character, right down to the tailor and the haberdasher, has a
strong comic personality . . . making Baptista a woman, not a
man, in this version is inspired since the part goes to Vicki
Hirsch, who has wondrous ways of making a character ridiculous
but not silly. And giving Joseph Small the part of the
widow is no less astute, for much the same reason. John
McCarthy, Phillip Douglas and Jon Fordham make the three
[suitors] such lovable provincial oddballs that you are sorry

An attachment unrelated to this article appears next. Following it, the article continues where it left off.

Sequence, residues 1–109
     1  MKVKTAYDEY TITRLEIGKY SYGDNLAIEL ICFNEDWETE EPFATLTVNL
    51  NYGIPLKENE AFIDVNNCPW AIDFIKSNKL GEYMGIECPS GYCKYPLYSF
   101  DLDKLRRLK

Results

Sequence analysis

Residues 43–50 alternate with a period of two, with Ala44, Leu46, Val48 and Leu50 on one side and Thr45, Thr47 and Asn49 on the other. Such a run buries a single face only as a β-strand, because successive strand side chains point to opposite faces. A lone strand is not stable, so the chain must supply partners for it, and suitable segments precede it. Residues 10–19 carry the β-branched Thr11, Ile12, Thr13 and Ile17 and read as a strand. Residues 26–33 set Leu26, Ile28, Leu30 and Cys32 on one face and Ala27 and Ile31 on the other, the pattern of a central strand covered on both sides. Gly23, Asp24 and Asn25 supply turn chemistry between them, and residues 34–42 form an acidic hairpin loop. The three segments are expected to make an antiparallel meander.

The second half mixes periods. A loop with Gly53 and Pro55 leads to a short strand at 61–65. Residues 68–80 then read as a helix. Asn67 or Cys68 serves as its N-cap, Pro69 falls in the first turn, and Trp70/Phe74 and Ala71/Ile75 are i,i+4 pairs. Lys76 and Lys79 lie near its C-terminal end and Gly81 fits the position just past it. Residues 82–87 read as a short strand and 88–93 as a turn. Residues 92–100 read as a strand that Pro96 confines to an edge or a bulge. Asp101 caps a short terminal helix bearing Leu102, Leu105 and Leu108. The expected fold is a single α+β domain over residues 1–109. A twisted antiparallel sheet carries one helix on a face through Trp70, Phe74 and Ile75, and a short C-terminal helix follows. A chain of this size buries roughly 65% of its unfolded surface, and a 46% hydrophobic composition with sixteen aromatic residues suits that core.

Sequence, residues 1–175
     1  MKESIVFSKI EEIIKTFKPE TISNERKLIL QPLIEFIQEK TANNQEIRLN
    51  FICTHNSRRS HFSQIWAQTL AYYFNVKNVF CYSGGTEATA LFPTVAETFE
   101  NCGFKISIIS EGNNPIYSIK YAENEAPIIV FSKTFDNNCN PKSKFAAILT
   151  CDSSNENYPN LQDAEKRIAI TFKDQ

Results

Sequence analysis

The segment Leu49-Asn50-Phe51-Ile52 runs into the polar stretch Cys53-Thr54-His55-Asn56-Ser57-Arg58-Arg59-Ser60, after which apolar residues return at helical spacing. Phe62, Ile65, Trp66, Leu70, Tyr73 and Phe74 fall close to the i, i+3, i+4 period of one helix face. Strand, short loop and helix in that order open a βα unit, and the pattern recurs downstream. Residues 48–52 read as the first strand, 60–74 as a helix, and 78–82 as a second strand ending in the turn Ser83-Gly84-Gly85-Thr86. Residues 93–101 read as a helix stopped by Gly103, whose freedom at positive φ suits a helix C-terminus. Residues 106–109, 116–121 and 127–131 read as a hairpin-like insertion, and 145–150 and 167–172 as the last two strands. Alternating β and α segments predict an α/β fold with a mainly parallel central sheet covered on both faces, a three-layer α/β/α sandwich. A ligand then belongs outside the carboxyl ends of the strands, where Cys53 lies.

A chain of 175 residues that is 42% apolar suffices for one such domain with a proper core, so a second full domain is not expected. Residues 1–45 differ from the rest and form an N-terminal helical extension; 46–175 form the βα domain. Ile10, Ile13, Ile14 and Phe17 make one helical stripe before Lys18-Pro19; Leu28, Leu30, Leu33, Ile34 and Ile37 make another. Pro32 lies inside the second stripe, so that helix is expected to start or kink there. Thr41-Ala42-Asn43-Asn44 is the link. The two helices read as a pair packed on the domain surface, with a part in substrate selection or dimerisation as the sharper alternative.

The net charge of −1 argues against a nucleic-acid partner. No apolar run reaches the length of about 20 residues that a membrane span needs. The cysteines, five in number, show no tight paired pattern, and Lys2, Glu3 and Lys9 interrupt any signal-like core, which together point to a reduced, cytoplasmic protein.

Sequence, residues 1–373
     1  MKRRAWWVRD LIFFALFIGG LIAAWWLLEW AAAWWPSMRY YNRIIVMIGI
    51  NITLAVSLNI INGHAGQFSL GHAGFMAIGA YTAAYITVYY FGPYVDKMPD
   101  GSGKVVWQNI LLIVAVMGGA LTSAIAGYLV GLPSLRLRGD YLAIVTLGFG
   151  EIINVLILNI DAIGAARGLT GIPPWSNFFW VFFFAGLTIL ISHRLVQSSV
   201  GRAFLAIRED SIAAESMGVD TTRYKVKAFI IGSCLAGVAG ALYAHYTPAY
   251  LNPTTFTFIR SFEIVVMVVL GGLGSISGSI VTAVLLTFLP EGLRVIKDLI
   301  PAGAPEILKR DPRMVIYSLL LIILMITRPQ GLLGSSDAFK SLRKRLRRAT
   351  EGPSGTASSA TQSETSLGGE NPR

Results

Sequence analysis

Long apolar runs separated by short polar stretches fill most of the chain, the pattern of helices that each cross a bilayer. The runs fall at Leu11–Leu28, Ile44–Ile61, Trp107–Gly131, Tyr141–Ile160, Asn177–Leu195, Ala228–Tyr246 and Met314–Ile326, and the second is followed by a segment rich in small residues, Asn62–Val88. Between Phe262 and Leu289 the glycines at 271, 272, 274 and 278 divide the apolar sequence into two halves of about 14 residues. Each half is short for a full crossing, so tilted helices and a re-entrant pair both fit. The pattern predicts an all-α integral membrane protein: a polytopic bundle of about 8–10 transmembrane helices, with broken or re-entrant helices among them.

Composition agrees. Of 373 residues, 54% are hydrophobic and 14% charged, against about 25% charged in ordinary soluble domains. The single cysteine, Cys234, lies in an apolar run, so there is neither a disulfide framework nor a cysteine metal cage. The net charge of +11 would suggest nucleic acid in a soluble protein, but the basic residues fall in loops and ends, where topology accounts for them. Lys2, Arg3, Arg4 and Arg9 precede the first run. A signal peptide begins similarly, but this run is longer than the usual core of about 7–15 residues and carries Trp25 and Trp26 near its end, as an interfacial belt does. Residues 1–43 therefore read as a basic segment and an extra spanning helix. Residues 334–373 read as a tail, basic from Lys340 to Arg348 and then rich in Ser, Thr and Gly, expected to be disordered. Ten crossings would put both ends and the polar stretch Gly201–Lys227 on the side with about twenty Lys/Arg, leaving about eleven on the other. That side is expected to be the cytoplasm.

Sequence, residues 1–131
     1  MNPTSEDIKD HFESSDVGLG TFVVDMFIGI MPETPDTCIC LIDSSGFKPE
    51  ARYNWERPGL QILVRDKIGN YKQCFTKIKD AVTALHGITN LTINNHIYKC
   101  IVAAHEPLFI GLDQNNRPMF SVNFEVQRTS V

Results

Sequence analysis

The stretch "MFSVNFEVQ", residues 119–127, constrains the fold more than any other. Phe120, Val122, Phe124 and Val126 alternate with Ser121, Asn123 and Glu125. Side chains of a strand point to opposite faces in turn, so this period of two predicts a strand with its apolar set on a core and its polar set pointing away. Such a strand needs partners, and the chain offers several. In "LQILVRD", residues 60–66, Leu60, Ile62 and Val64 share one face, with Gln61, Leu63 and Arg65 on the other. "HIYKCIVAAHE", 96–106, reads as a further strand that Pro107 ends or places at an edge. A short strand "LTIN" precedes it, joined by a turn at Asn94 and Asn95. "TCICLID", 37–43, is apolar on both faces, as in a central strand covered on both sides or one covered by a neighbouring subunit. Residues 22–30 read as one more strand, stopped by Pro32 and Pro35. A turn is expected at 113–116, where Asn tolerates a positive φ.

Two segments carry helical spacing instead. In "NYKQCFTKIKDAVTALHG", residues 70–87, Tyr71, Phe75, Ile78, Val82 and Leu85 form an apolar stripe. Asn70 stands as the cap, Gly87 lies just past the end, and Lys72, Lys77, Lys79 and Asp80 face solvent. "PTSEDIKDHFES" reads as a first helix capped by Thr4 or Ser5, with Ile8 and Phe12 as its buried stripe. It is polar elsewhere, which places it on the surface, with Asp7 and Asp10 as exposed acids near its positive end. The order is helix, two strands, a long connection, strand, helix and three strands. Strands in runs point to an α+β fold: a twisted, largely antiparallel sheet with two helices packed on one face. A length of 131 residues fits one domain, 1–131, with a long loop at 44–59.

to leave them when the play ends. Renée Bucciarelli lets
one see, and feel, that Kate’s eventual surrender to Petruchio
[Michael Oberlander] is the surest sign of her intelligence—no
mean feat of acting. The play depends on the tone set by
these two, and they get it right.
The New York Times
Flaherty, [John] McCarthy, and [Jon] Fordham all glide
smoothly in and out of their disguises. [Michael]
Oberlander shapes and reshapes the various elements of his
roles into a consistently bawdy and likable fellow. Katherine
is never anyone but herself. [Renée] Bucciarelli . . .
expertly creates a ‘modern’ woman who is trapped in the 16th
century. [Liz] Shipman brings . . . [Shakespeare] to life
intriguingly and seamlessly.
Simmons, The Brooklyn Paper